While customs laws are harmonized between the EU Member States, the implementation and enforcement of the rules is clearly not.

The European Court of Auditors highlights the impact of the lack of uniformity in controls on the EU's finances in the report that was published on 30 March. 'Import point shopping', whereby fraudsters target border entry points with a lower level of controls, is still a critical hazard. This phenomenon was first described by the ECA in its 2017 report on import procedures.

The European Commission is aware. In the 2020 Action Plan to take the EU Customs Union to the next level, the Commission stressed that the imbalances between Member States in customs controls must be addressed. Ultimately, the customs authorities must be seen to 'act as one'. To achieve that, the investment in the EU's customs program will be firmly stepped up in the coming years.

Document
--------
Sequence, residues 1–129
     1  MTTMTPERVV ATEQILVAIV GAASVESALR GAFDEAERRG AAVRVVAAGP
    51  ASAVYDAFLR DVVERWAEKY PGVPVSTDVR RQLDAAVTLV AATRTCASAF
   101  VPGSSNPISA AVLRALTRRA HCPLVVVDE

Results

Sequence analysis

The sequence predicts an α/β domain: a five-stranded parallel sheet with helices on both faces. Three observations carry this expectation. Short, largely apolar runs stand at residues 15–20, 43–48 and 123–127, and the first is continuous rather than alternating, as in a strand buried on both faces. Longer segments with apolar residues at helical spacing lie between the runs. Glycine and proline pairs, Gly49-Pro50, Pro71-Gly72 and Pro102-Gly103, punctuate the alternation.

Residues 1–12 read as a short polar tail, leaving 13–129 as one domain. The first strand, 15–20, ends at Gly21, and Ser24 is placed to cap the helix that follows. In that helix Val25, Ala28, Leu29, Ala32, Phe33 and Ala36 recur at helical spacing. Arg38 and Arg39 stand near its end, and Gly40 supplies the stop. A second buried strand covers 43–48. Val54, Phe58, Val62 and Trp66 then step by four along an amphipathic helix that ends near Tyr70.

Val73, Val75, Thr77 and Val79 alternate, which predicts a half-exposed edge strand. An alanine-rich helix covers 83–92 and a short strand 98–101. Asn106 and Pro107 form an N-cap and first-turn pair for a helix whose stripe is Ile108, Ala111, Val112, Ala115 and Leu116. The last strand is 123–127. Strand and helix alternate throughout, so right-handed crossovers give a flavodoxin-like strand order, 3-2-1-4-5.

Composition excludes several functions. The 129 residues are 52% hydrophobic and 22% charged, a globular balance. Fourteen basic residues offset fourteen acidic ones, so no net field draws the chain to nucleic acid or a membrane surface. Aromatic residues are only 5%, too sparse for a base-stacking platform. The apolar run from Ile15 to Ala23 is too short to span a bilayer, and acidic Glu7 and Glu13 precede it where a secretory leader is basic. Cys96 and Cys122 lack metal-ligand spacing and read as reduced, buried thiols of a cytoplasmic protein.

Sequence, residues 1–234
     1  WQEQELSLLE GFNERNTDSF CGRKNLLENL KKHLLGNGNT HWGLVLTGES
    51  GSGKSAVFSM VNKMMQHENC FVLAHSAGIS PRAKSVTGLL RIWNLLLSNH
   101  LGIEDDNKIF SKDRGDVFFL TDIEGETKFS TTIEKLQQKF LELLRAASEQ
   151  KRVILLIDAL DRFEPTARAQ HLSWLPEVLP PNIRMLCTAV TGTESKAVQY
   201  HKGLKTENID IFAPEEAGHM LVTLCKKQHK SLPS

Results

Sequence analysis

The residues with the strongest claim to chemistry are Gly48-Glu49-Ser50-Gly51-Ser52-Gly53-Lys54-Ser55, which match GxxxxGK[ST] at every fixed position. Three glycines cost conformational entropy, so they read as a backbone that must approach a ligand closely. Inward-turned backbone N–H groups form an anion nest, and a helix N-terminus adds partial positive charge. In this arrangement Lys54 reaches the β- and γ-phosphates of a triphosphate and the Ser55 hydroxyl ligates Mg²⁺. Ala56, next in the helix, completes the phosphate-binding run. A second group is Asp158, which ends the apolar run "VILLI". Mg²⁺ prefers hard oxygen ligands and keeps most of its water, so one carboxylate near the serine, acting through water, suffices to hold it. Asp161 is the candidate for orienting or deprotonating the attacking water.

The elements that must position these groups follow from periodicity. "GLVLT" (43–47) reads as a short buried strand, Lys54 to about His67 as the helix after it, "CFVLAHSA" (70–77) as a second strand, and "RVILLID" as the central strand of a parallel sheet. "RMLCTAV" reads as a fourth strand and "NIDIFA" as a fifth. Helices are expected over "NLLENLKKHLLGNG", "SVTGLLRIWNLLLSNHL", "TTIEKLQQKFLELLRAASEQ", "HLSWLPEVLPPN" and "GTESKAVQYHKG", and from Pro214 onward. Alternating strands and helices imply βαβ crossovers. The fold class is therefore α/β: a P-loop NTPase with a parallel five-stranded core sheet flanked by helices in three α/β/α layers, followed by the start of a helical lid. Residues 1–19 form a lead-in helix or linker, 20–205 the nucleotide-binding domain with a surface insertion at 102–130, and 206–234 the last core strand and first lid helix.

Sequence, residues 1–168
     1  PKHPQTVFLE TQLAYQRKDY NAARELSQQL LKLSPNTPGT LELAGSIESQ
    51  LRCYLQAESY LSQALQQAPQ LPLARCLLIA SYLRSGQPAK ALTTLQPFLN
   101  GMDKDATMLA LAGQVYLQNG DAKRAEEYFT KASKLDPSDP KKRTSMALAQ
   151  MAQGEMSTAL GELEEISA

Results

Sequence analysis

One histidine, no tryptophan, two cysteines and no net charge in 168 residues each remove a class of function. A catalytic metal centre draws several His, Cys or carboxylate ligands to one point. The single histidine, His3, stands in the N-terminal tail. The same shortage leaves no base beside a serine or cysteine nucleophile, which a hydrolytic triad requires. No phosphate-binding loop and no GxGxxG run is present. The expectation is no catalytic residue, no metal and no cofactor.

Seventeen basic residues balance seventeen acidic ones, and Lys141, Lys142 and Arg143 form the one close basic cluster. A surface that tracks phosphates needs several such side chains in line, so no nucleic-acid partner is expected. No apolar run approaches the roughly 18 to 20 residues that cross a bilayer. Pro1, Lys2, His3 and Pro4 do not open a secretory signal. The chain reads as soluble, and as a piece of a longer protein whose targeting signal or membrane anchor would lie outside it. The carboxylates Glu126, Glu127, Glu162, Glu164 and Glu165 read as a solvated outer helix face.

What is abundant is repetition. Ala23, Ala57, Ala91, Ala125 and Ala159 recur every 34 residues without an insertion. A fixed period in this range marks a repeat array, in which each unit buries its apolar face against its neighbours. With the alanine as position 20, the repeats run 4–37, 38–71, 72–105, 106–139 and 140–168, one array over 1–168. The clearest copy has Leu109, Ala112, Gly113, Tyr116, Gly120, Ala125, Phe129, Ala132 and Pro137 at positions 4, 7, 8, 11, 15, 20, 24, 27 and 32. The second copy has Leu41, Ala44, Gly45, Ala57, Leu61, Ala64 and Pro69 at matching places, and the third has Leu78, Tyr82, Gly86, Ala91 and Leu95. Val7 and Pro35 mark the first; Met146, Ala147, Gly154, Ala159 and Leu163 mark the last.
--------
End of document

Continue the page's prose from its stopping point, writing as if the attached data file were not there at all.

Despite recent steps in the right direction, the EU rules are not designed well enough to ensure that Member States select imports for control in a uniform way. In fact, they apply the rules very differently, which could allow operators to target EU points of entry with lesser controls.